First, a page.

- TransferWise reported an annual post-tax net profit of $8 million for the fiscal year ending March 2018.
- The firm says that $3.9 billion worth of transactions is moved around each month by its more than 4 million users.
- It plans to roll out its traveler-friendly borderless account product to U.S. users later this year.
TransferWise, one of Europe's largest financial technology (fintech) start-ups, said Monday it was profitable for the second year in a row.
The London-headquartered money transfer firm reported an annual post-tax net profit of £6.2 million ($8 million) for the fiscal year ending March 2018.
Annual revenue nearly doubled to £117 million during the period, from £66 million the previous year, TransferWise said. Operating profit came in at £9.5 million following a loss of £519,000 last year.
The company's accounts entered into the black for the first time in March 2017, six years after the firm was founded by Estonian entrepreneurs Taavet Hinrikus and Kristo Kaarmann.
"We've proven that fintech can offer consumers an unbelievable experience at a low price, all whilst creating a solid business that can be trusted long-term," Kaarmann, TransferWise's chief executive, said in a statement Monday.
"Looking forward, sustained growth and our healthy financial position means we can continue to drive down costs whilst investing in developing our product."
TransferWise is counted among Europe's "unicorn" start-ups — firms valued at $1 billion or more — with a reported valuation of $1.6 billion.
It has raised a total of $397 million since it was founded in 2011. Backers include asset management giant Old Mutual, Silicon Valley venture capital firms Institutional Venture Partners and Andreessen Horowitz, and British billionaire Richard Branson.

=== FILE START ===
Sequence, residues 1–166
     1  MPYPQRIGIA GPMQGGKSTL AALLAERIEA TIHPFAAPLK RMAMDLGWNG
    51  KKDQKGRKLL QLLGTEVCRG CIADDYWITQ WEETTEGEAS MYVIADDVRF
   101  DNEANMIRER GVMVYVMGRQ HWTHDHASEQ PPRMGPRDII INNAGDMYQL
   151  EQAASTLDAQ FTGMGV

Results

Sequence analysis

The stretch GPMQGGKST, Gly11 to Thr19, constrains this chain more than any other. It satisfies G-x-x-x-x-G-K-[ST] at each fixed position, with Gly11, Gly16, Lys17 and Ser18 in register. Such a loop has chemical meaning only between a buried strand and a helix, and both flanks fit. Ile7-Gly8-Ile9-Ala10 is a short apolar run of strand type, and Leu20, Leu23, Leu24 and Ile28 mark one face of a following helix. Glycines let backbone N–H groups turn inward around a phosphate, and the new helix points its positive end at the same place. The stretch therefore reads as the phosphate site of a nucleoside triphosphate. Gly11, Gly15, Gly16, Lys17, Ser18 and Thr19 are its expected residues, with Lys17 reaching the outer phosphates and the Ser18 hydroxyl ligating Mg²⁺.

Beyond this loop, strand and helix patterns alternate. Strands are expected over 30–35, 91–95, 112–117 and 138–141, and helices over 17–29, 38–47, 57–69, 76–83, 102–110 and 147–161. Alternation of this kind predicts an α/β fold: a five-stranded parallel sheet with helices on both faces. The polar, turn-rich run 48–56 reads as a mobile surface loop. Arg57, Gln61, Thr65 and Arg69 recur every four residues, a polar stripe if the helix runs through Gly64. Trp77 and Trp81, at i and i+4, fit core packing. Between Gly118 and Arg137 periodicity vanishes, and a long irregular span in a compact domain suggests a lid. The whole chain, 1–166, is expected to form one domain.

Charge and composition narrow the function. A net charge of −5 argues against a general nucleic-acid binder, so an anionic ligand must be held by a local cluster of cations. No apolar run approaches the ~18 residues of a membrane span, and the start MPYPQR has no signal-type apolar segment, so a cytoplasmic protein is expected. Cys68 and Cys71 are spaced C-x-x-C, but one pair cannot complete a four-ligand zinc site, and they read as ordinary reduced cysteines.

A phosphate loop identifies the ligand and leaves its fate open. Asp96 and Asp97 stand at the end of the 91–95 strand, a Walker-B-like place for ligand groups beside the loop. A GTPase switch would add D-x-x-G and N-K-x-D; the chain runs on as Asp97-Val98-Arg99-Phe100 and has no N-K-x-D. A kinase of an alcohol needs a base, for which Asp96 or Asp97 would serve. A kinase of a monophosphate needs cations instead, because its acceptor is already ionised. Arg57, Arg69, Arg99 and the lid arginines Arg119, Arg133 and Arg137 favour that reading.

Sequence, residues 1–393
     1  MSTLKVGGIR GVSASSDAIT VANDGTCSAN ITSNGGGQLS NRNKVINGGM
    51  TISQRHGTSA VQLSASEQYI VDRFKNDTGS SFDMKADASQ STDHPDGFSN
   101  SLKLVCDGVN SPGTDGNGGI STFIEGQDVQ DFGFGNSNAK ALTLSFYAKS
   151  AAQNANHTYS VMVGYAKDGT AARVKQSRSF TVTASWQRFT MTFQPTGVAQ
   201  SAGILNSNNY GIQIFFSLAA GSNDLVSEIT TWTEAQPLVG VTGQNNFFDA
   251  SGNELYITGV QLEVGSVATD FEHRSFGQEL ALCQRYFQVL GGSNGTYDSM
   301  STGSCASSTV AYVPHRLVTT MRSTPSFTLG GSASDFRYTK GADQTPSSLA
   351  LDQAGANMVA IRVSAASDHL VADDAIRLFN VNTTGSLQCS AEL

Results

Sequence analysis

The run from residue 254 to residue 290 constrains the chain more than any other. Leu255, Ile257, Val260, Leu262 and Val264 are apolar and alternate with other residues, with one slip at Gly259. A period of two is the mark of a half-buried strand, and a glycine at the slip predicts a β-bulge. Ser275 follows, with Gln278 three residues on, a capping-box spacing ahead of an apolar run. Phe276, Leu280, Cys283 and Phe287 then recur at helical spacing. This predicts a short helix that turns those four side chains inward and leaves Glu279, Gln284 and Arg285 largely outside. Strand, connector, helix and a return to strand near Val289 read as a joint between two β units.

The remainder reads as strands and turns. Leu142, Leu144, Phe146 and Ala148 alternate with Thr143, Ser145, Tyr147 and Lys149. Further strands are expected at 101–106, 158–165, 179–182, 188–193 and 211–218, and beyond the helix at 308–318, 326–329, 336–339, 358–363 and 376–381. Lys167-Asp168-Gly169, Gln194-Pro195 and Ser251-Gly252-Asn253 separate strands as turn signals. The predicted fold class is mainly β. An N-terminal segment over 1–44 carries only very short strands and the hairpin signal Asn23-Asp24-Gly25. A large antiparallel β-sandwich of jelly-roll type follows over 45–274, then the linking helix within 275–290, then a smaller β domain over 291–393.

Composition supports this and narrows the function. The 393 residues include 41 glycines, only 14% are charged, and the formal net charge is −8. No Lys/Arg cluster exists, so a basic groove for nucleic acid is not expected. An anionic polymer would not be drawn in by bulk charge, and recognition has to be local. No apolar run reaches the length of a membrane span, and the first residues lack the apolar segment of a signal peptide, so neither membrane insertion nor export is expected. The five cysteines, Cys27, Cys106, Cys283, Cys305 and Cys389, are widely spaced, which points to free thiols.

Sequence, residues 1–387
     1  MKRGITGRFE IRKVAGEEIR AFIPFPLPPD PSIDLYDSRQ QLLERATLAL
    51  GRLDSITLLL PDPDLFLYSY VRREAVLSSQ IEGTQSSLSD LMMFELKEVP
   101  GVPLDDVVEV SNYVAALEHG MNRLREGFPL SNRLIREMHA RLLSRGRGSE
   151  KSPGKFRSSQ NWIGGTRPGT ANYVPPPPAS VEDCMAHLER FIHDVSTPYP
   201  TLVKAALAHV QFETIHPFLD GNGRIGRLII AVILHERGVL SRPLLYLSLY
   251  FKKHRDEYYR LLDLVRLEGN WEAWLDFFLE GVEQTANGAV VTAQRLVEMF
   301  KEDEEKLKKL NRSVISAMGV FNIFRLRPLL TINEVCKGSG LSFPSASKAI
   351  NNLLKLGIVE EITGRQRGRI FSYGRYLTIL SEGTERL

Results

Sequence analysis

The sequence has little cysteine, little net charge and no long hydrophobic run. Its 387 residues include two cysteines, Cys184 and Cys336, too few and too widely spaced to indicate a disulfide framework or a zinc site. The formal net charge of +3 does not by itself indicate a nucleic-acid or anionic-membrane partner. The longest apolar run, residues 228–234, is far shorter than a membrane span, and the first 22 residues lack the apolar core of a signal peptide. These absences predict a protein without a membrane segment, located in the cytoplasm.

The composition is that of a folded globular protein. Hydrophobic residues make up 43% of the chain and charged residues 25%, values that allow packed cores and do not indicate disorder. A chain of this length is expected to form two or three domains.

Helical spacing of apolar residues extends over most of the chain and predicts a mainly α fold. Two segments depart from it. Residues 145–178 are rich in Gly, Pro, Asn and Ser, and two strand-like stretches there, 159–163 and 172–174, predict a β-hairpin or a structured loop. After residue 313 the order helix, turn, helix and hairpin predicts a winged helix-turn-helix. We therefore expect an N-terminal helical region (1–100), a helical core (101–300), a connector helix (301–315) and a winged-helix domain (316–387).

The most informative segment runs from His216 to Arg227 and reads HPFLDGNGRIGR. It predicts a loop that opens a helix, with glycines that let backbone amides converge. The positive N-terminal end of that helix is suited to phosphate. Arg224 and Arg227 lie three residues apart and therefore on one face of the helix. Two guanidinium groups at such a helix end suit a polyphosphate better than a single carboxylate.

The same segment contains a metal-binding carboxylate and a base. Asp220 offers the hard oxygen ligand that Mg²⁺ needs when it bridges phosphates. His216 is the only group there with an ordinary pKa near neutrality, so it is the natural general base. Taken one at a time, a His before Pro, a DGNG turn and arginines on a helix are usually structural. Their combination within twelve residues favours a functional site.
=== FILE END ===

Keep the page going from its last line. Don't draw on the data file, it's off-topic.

The firm says that £3 billion worth of transactions are moved around each month on the TransferWise app by its more than 4 million users.
The company makes money through fees charged on international transfers, which it boasts are up to eight times lower than those charged by banks.
Last year, it introduced its traveler-friendly borderless account to European customers, which lets users hold over 40 currencies and switch between currencies instantly. TransferWise plans to roll out the product to U.S. users later this year.
And in July, TransferWise tied up with French bank Groupe BPCE, in its first major bank partnership, to provide the lender's customers access to its money transfer service. It has also struck deals with rival fintech firms Monzo and N26.
Monday's earnings news could signal a changing landscape for fintech firms like TransferWise when it comes to profitability. Many start-ups in the sector have struggled to break even due to the cost of investing in their products and scaling their business while offering cheaper services than large banks.
Rival currency exchange and banking app Revolut for instance said earlier this year that it had broken even for the first time in December 2017. Meanwhile, another competitor, WorldRemit, expects to turn a profit by 2019.
Hinrikus — who switched his former role as TransferWise's chief executive with Kaarmann later that year — said the start-up would move its European headquarters from London to the continent by March 2019, but keep its global headquarters in London.
But Kaarmann played down concerns over Brexit on Monday, saying that the firm has a number of offices in Europe and operates around the world.
"The way we think about headquarters is maybe slightly unconventional," Kaarmann told CNBC in a phone interview. "We're already operating from nine offices around the world, 1,200 people are still across nine offices."
He added: "This concept of headquarters doesn't really mean a huge amount for a tech company anymore."
London is widely thought of as a key hub for fintech, with a large amount of investment flowing into the British capital's fintech companies. Last year, London-based fintech firms raised more than $980 million in capital, according to data released by Mayor Sadiq Khan's promotional agency.